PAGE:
Royal Olympic Cruises (ROC) has reported net income of $4.5 million, or $0.36 per share, on revenues of $125.8 million for its fiscal year ended Nov. 30, 1998, compared to net income of $7.7 million on revenues of $112.8 million for fiscal year 1997.
For its fourth quarter, ROC reported net income of $0.1 million, or $0.01 per share, on revenues of $33 million, compared to net income of $4.6 million, or $0.59 per share, on revenues of $33.0 million for the same period in 1997.
According to ROC, 1998 results fell well below budget and expectations. The company attributed several non-recurring factors to the results including the collision of the Odvsseus in Buenos Aires and boiler damage aboard the Apollon, which resulted in 30 days' net loss of revenue.
In addition, the Iraqi crisis led to decreased bookings and lower performance for the Stella Solaris as did the cancellation of the line's Egyptian cruise program which led to overcapacity in the third and fourth quarters.
For fiscal year 1998, ROC increased berth capacity by 25.3 percent to 1,057,068 as a result of a fleet increase from six to nine ships. Passenger cruise days increased by 20.8 percent for the year, while the load factor fell by 3.6 percent to 77.5 percent as a result of increased capacity, and the average per diem fell by 7.3 percent due to strong competition, according to a prepared statement.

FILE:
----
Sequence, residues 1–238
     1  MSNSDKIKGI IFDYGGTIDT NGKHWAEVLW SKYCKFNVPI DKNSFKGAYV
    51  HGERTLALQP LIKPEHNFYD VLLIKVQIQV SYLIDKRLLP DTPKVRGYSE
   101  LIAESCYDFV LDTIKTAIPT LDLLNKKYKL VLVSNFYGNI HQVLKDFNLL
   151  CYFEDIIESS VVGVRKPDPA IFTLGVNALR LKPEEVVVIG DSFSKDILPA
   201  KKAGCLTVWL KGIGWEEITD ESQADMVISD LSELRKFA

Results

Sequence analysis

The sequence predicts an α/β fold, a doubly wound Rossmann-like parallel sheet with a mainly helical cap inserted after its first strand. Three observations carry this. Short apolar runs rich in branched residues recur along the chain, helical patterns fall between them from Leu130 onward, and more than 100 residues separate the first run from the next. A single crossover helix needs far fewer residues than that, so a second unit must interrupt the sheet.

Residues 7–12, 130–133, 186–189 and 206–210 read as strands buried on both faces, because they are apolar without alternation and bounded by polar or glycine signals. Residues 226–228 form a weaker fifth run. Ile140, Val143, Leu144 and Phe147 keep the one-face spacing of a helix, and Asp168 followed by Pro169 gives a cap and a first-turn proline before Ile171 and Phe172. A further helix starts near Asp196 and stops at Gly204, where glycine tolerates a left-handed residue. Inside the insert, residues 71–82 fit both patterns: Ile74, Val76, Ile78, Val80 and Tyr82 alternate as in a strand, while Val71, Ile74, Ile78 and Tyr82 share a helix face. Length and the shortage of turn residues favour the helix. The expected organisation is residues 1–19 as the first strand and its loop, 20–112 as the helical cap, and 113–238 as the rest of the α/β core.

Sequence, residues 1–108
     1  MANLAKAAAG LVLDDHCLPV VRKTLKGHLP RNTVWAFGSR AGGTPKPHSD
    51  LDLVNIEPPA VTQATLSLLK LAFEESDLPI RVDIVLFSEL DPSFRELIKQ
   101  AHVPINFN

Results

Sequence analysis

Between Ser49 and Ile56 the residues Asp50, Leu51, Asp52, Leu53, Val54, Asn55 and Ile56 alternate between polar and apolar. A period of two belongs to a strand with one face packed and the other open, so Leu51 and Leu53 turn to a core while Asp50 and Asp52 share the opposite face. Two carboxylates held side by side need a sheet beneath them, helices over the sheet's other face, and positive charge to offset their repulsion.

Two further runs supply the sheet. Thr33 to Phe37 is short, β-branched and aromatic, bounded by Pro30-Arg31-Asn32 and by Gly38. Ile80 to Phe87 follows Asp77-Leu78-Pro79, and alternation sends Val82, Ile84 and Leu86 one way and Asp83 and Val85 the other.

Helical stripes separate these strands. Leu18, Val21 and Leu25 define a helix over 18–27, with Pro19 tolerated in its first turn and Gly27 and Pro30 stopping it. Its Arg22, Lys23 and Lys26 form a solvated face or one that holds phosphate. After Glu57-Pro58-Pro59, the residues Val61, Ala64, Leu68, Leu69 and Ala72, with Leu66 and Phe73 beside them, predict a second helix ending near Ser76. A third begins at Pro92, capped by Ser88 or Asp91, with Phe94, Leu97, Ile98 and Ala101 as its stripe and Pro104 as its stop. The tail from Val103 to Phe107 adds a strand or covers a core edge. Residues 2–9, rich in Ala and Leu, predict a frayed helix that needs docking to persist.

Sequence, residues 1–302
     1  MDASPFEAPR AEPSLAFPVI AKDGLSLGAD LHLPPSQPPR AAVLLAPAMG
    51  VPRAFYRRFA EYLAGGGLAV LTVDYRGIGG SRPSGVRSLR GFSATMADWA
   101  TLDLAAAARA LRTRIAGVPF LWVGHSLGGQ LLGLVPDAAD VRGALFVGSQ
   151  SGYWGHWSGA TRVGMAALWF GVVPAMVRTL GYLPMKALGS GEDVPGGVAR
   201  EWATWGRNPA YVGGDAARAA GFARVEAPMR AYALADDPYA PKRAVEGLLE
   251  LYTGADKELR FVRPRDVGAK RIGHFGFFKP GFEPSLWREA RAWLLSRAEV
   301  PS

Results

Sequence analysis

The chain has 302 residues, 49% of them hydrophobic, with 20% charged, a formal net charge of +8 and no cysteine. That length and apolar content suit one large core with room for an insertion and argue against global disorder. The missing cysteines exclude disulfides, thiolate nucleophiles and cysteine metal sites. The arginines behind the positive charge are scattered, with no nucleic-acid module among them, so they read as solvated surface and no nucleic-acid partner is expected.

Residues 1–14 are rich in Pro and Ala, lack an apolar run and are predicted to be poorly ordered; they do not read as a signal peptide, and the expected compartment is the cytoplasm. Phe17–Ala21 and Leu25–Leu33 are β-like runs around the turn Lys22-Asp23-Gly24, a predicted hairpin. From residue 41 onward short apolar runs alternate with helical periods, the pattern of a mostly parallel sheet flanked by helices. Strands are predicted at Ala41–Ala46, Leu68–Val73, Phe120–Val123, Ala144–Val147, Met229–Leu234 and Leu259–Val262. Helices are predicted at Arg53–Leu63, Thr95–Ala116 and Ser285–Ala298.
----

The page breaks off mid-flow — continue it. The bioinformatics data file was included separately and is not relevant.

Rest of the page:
For the first quarter of 1999, ROC stated that passenger per diems were not up to expectations for the Stella Solaris' transatlantic Christmas cruise and Amazon River cruises due to the higher than expected absorption of lower-revenue passengers from the cancelled Olympic Countess program and the higher air costs of the Stella Solaris program.
Early bookings for passengers out of the U.S. were also said to be below expectations.
ROC Chairman Gordon Parham said that "the company continues to build a sound base for the development of long-term shareholder value by making significant commitments in both personnel and systems."
Parham said that management policy is to carefully match the line's capacity to the seasonal variable demand and thus increase occupancy levels to 80 percent or more, and at the same time decrease operating expenses.